“There is nothing which I dread so much as a division of the republic into two great parties, each arranged under its leader, and concerting measures in opposition to each other. This, in my humble apprehension, is to be dreaded as the greatest political evil under our Constitution.”
~ John Adams
Whether or not “two great parties” is indeed the “greatest political evil,” I have personally come to the conclusion that there is no political “team” I feel comfortable joining. And trust me, I’ve tried. At various points in life I’ve called myself a Democrat, or a Republican, or a Libertarian, but at some key juncture I always find myself disagreeing with a few core principles of one of these factions. I guess what I’m opposed to is fundamentalism in all its various forms. Our views should be fluid, in my opinion. Too many people lock onto an ideology which becomes part of their personality, their very identity. This is silly and hazardous. It really feels like nuance and rational debate are disappearing faster than the American middle class. We are quick to turn to shouting and name calling and sometimes even violence when faced with political opinions that differ from our own. We often view those who change their minds or political affiliations in a negative light.
In a recent episode of Common Sense, Dan Carlin brought up a widely-used anecdote usually attributed (without much evidence) to John Maynard Keynes. When faced with a critic who is accusing him of being inconsistent in his political views, Keynes is supposed to have responded, “When the facts change, I change my mind. What do you do, sir?”
Anyone who knows me also knows my feelings about organized religion. It’s dangerous, and serves mostly as a control mechanism by focusing on our fear of death (or more accurately, our ego-driven fear of non-existence). And while there are still plenty of religious zealots in the world, it seems to me that we are more and more replacing our religious fundamentalism with political fundamentalism. Our churches are becoming our political parties, the politicians—our clergy—insisting that “our way is the only way.” And we’re willing to fight for what we believe to be the “Truth.” For evidence, one must look only as far as your Facebook or Twitter profile, or, god forbid, that horrific digital battleground where civil discourse goes to die—the YouTube comment section. The vitriol and politically-charged hate spewed in these social media locales is indeed a sight to behold. It’s amazing what some people are willing to say when protected by the cloak of anonymity that they would never say in a face-to-face conversation. But that’s a topic of discussion for another essay.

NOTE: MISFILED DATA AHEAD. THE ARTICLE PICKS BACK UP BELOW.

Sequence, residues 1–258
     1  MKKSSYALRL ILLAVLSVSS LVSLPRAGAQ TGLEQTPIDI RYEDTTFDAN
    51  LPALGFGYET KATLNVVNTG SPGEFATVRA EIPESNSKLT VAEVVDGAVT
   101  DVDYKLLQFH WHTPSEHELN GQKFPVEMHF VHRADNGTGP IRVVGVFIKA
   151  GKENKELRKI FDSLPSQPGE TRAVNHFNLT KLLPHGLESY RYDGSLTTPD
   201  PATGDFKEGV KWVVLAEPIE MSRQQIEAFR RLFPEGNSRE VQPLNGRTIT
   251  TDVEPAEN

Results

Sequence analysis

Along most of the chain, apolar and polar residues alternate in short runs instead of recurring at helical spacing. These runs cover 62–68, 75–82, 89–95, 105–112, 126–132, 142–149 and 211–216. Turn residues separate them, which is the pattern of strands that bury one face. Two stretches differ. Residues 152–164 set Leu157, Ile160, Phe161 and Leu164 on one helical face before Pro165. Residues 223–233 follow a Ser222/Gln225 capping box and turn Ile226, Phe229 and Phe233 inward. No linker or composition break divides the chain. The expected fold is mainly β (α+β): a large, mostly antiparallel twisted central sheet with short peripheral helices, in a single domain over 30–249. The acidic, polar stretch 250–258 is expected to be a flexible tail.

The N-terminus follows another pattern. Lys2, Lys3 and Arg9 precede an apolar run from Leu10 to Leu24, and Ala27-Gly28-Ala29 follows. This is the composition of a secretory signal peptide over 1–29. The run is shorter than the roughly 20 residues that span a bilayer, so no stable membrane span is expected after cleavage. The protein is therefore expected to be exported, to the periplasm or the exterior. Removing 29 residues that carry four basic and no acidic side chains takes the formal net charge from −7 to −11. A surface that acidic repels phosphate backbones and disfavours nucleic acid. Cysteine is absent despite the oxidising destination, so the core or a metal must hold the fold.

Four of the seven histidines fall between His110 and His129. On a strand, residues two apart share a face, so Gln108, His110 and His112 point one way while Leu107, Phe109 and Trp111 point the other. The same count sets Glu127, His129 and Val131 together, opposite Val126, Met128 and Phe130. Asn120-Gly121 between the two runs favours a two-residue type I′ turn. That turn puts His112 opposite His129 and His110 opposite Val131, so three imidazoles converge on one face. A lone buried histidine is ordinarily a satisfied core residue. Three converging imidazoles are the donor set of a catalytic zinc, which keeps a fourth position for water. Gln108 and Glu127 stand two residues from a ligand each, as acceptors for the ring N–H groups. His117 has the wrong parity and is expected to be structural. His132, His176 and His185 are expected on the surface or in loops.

Many Independents, Libertarians, and Greens are fond of announcing that the “two-party system” is destroying our country. To be sure, there is some truth in this statement. The Donkeys and Elephants have held political power in this nation for far too long; but I’m not convinced that replacing Republican fundamentalists with Libertarian fundamentalists, or Democrat fundamentalists with Green Party fundamentalists, is the answer either. As you’ve often heard, “power corrupts.” When a political party comes into power, that party’s main mission is then to retain that elevated status. The needs of the electorate and the commoners come second to the survival of the Party.
I can’t and won’t speak for anybody but myself, but personally, my political and social beliefs don’t fit neatly into any party platform. I’m a combat veteran who owns guns, but believes in reasonable, rational gun control. I’m a parent who is pro-choice, but still recognizes that a healthy fetus, left alone and not aborted, would eventually become a human being. I believe that the First Amendment is the greatest piece of legislation ever penned and should be protected at all costs, even for those who use that liberty to espouse ideas that I find abhorrent. I believe that we have massive income inequality in this country, but I also believe in fair competition. I believe that universal healthcare is a good idea and that if we can find the money to go to war, we can also find it for our people’s health care needs; but I also believe that capitalism drives technological advances and creativity. I’m pro-immigration, but—while at least philosophically recognizing the absurdity of arbitrary, imaginary lines drawn on a round planet determining where other sentient beings with the exact same biological makeup as ourselves are permitted to travel—I also see the current impracticality and dangers of wide-open borders.